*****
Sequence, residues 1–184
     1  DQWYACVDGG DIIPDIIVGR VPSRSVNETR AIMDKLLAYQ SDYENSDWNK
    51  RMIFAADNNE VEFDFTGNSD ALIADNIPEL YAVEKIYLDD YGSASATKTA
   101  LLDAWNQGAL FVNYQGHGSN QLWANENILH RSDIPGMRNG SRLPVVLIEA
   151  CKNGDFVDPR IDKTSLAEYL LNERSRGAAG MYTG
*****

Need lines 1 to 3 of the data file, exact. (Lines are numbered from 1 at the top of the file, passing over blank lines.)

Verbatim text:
Sequence, residues 1–184
     1  DQWYACVDGG DIIPDIIVGR VPSRSVNETR AIMDKLLAYQ SDYENSDWNK
    51  RMIFAADNNE VEFDFTGNSD ALIADNIPEL YAVEKIYLDD YGSASATKTA